Allophones of 'k'

Discussion in 'Türkçe (Turkish)' started by sufler, Sep 24, 2013.

  1. sufler Senior Member

    Polish - Poland
    I was watching the movie "Fetih 1453" to practice my Turkish listening skills.
    In one scene I could swear I heard Sultan Mehmet saying "Biz Kuran'ın hiç...", because I have clearly caught the sound ç in his statement. To my surprise, when I checked original Turkish subtitles to the movie, I found out that the real word he said was kmüne. But then, I listened his phrase over and over 5 times and I still could hear ç in what he said. I checked out on Forvo the pronunciation of the word hüküm, but that guy again pronounces it more like "ts" sound in the middle (I can hear Polish "c" or Russian ц there) - [hütsüm]. I listened to Azer Bülbül's song "Hüküm Giymişim" as well and I am also sure that he pronounces the sound like ç- çüm. So what is the cause of such unusual pronunciation? I haven't come across this thing described in any book for Turkish language. Are there more words of Arabic origin with different pronunciation of letters than usual?

    *Forvo pronunciation:üküm/#tr
    Last edited by a moderator: Sep 25, 2013
  2. Arabus Senior Member

    United States
    Turkish k is pronounced [c] (voiceless palatal stop) near front vowels. The same applies to g which is pronounced [ɟ].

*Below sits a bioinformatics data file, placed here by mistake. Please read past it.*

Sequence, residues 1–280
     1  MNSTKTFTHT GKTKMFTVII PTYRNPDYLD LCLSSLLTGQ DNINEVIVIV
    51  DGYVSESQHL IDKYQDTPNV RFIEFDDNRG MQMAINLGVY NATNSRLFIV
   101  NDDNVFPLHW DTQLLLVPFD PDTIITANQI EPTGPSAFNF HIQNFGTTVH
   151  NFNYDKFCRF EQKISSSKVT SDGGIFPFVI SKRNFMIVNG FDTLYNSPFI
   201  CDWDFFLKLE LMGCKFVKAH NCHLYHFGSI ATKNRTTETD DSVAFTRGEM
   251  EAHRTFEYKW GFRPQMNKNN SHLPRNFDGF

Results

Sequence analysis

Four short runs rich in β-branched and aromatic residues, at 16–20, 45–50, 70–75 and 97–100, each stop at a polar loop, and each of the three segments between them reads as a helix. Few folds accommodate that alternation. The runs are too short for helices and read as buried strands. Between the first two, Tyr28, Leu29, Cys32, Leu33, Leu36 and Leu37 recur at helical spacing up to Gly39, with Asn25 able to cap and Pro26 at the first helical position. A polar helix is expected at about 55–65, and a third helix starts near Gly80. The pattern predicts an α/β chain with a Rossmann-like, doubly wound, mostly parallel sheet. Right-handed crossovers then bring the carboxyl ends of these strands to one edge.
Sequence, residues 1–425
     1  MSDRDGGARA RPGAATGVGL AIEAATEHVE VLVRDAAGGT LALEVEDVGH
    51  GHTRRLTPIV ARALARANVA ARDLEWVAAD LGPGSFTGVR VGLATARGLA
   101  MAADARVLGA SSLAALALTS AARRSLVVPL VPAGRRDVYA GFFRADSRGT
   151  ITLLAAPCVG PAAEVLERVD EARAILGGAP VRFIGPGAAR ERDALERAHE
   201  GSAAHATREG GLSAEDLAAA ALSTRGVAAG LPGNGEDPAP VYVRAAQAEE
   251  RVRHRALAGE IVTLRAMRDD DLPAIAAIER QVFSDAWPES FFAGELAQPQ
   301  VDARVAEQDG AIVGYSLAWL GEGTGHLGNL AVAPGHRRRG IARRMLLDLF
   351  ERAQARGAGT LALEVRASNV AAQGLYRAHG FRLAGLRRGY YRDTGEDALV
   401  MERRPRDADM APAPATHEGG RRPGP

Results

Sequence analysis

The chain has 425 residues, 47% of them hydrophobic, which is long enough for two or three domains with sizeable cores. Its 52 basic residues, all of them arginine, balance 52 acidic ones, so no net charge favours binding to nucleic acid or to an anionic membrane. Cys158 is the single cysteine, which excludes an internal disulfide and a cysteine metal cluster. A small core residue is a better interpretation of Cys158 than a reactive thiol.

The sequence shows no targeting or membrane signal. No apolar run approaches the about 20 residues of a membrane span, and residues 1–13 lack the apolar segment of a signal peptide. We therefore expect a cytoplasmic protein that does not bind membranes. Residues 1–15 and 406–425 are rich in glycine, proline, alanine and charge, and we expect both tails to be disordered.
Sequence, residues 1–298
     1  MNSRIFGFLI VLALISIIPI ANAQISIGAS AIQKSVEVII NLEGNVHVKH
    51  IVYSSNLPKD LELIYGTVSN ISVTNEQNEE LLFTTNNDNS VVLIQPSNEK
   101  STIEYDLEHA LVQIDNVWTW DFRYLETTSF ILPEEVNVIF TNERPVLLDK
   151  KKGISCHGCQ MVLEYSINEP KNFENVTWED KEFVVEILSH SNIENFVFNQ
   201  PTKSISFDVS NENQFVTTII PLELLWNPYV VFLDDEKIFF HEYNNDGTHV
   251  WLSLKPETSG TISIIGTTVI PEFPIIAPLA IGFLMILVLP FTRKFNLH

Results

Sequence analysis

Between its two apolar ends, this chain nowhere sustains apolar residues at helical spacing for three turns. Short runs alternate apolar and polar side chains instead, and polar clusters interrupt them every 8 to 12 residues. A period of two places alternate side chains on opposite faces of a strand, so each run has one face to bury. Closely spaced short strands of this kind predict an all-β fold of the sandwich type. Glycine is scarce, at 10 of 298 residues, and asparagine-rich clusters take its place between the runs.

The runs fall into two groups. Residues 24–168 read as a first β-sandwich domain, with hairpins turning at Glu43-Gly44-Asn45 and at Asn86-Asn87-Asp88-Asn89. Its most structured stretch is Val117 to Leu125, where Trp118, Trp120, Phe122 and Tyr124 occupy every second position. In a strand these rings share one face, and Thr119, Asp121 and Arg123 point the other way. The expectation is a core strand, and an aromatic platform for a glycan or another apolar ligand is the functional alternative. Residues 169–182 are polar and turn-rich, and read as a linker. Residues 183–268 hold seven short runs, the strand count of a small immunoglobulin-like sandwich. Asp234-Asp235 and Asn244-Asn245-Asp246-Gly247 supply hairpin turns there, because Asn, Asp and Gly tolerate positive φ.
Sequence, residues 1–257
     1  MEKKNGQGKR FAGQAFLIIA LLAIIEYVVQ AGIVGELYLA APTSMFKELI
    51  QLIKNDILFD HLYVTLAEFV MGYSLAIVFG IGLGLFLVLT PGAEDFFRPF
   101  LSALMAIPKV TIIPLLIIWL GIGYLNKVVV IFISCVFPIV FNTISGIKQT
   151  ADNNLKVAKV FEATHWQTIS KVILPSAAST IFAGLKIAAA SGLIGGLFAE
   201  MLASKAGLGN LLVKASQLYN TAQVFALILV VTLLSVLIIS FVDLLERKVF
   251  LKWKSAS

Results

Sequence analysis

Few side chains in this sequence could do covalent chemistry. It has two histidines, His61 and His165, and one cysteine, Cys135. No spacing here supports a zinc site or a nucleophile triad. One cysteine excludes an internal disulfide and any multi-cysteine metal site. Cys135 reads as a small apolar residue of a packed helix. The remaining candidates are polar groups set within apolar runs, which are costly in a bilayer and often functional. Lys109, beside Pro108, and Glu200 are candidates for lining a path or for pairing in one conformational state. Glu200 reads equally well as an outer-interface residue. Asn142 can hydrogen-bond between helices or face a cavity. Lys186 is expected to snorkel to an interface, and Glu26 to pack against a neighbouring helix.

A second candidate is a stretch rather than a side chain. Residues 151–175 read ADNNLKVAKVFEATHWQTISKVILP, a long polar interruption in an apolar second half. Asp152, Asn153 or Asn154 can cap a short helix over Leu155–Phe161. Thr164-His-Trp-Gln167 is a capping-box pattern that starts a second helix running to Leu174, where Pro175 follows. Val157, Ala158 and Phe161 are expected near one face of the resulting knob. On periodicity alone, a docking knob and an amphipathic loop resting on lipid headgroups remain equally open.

3. sufler Senior Member

    Polish - Poland
    Could you give more examples of words like this?
  4. Arabus Senior Member

    United States
    ikna (et-) ‘convince’, ekle- ‘add’, eksi ‘minus’, keçi ‘goat’, kömür ‘coal’, iki ‘two’, sök- ‘dismantle’, bölük ‘squadron’, erk ‘power’

    Source: TURKISH: A COMPREHENSIVE GRAMMAR, Aslı Göksel and Celia Kerslake
  5. sufler Senior Member

    Polish - Poland
    hmm.. but I listened to "eklemek" pronunciation on Forvo and it seems to have normal "k" inside :/
    but as for ikna that's true, it's really pronounced as [içna]
  6. Arabus Senior Member

    United States
    It seems to me that Turkish speakers have variant ways of pronunciation.

    The sound /e/ is supposed to have three allophones (it is supposed to have three different pronunciations according to the source I mentioned above), but in reality there are speakers who don't make the distinctions.
  7. stonerain Junior Member


    I listened all the videos and sounds those you gave in the links but
    I don't hear any kind of 'ç' sound there or Russian ц there. I don't know
    why you hear that.

  8. Rallino Moderatoúrkos

    When the k is next to a soft vowel, it's pronounced the way you described it. This is best seen in the word mükemmel, where the k is pronounced in a liquid way: However, I wouldn't call it a ç exactly. I'd say it has a small amount of ş in it.
    I pronounce the k in ikna and in eklemek the same way.
  9. ancalimon Senior Member

    When we say hüküm, the k sound is precisely the q sound. I think when a "k" comes after "e,i,ö,ü" that is always the "q" sound. But unfortunately we don't have the q sound in our alphabet to differentiate between those two. I think we really should add the q letter to our alphabet.

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